I have read a lot of reviews below and a number of criticisers of the film's historical authenticity spit out the word "epic" as if it is a word that the American film industry has abused and transmogrified into a catchphrase for luring in gullible American movie-goers. But I argue that Braveheart, and the historical inaccuracies which it adopts (and it adopts many, which are nicely pointed out elsewhere), fit the same formula for "Epic Fiction" that we use to classify great (and I mean, universally accepted as great) epic works of fiction such as the Iliad, the Odyssey, etc. These works are not about who did what where and when and in what fashion. They are about the myth, the hero, and the way that they have influenced the ideals of the culture (italicize that). Was there really a Grendel, a Cyclops shepherd, a Wizard named Merlin, or Chinese war heroes who could single-handedly take on a small army? No. And yet, these works of fiction (and the mythological heroes that they have created) have had as much if not more of an impact on their respective cultures than any real life historical event. The impact of the epic is therefore not to be underestimated. Does the fact that Gibson portrayed the battle of Sterling Bridge without a Bridge really make that much of a differnce? The end outcome was the same, at least from an idealogical point of view. He rallied his men to victory with brilliant tactics against insurmountable odds. The presence or absence of a bridge, naked men, or twenty foot spears does not change that. The myth survives.
Finally, regarding historical accuracy, there is the fact that although the movie does take a lot of liberties in order to portray a THEME - I am intelligent enough to suspend my disbelief during the movie. Furthermore, after the movie is over, (and this is a credit to the movie-maker) I was intrigued enough to go do some research on the subject from an objective historical source to find out what really happened. If a work of art (which is not, I remind you, required to be objective - artistic objectivity is almost an oxymoron and film should not be treated differently in this regard than any other form of art) instills in me a desire to learn more about a subject while at the same time portraying well the epic themes it sets out to portray, then in my book it was a successful venture and worthy of all the accolades it receives....Again, this is an epic, and just as a Greek epic might portray the Trojans as ruthless savages and their own members as heroic visionaries, I think it is acceptable for a Scottish epic to do the same to the British. And calling Gibson a homophobic is just ridiculous. Whether or not Edward II was really gay is not important. If he was, then BY THE STANDARDS OF THE DAY, he was an outcast, and would have been perceived, especially by his father, as weak, without potential, and unfit to rule. If he wasn't gay, but was just disinterested in ruling a kingdom (and history is filled to the brim with examples of less than sterling royal progeny), he would have again been seen (especially by his father) as weak, without potential and unfit to rule (because fathers - especially kings - have expectations of their sons), and questions about his sexuality would have naturally begun to arise among the nobility and commonfolk. What we as viewers of a historical or epic piece of artwork must do is refrain from judging said work by our standards. Today, homosexuality is (for the most part) accepted by society. Back then, it wasn't, and the mere rumor was enough to get you rejected from society (and vice-versa). Therefore, in light of the times in which the movie is set, the portrayal of the weak fop of a prince, EdwardII, as homosexual is both acceptable and indicative of the society that the movie was trying to portray. It wouldn't, for example, have made much sense to portray Edward I as gay. Not because a gay man couldn't be a successful King or military leader, but because a gay man would never have achieved respect as a monarch - THEN - by the people or his enemy.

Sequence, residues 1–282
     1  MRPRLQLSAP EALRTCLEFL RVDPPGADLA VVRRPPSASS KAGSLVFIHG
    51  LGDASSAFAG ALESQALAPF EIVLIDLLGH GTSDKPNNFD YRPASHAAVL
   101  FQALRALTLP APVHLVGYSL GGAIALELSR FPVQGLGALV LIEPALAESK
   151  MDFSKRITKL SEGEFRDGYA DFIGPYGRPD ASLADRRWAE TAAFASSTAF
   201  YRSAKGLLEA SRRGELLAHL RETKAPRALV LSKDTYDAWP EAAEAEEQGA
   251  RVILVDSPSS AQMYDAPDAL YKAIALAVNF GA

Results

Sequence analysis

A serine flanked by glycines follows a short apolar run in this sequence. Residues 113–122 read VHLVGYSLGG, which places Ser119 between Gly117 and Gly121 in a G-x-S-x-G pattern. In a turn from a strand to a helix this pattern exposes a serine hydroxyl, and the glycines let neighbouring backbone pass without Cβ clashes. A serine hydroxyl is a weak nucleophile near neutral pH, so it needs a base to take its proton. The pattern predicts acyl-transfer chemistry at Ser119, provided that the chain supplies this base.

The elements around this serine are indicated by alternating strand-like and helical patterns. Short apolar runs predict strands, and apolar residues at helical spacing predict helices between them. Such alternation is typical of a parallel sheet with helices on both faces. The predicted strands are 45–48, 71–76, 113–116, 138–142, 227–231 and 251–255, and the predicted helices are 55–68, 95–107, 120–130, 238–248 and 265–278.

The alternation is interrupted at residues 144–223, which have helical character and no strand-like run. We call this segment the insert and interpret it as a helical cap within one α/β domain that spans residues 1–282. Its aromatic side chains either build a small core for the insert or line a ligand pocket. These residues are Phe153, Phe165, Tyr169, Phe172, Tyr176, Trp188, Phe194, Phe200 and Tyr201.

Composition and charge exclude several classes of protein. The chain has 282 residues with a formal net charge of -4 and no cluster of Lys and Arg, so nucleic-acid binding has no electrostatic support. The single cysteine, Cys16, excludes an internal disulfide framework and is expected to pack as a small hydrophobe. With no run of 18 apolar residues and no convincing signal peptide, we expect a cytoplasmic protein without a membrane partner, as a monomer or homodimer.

In closing, this is an excellent film that deserves its status as a best picture, despite (and perhaps because of) its historical inaccuracies. I encourage anyone with any interest in medieval history to view it, because it might just entice you to look into more historically accurate documents that, while not as entertaining as the movie iteself, will give you a more wholistic picture of what really happened.